The Art Perspective blog is a collection of thoughts, musings, and reflections on art, artists, and current happenings in the art world. 

Art as an Investment (part two)

Image courtesy of European CEO

Image courtesy of European CEO

Art has been emerging as a new asset class for the well-diversified across most countries and major cities for many years now. In markets like London, New York, and Hong Kong investors turn to auction houses like Sotheby's and Christie's to add to their portfolios. Many others attend art fairs in prominent markets in Europe, Asia and in the United States acquiring key works from both established and emerging artists. Despite the global influence and recognition of the art market, Canada remains oddly absent from much of this discourse.

Unlike it's counterparts to the south, or across the pond Canadians have been slow to adopt art as a viable business sector, instead treating it like a poor cousin. Art is more than a nice-to-have cultural by-product, it is an essential element of our lives from the time we are born; it is in every aspect of our lives from design, and music to the visual stories and inspired works we see in theatres, galleries and museums. Where other countries have embraced art as an asset class and are benefitting from the diversification, our lack of adoption leaves us struggling to compete globally. As a result we continue to lose emerging artists to those larger markets where their work is being more effectively valued and sold. We recently interviewed a 24 year old artist, originally from Alberta, who has lived and continues to work abroad in Europe. When asked why he made the move his answer was simple - in Europe there was an appreciation for his work that wasn't matched in Canada. And while there are many examples of musicians or actors or other artists who have had to first find success in other markets before being celebrated back in Canada, many of the visual artists we lose, don't ever return home. It then behooves us as dealers, gallerists and patrons of the arts in Canada to ensure we aren't losing our best talent to other markets by evolving our thinking and approach to the art market as a whole.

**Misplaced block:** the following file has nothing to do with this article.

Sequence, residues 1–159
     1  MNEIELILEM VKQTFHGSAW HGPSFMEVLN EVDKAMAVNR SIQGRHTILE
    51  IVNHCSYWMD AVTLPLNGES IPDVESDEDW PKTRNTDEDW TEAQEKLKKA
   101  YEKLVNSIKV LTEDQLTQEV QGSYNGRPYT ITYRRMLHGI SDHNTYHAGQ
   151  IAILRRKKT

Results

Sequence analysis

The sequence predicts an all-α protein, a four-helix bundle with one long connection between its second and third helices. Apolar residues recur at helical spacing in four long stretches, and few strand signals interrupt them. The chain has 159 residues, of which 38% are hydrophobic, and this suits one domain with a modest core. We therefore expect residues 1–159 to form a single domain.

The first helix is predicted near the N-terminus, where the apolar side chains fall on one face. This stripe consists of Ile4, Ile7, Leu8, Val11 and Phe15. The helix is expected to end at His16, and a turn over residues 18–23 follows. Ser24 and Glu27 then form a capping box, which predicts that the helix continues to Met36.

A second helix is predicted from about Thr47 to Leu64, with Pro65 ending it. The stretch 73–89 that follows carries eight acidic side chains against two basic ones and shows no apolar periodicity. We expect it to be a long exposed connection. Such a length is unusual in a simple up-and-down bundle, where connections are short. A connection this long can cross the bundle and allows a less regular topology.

As the global market continues to be volatile, more people may consider art as an investment where this was previously viewed as an asset class for a privileged few. Discerning investors and collectors are recognizing the value that can be realized from art market investments and are looking for ways to balance their portfolios and ensure long-term value. Detractors will always argue that the opaque nature of the art market makes determining values increasingly subjective and difficult, but with record selling prices from several of the auction houses this year alone, it isn't difficult to see why art as an investment makes more than a bit of sense.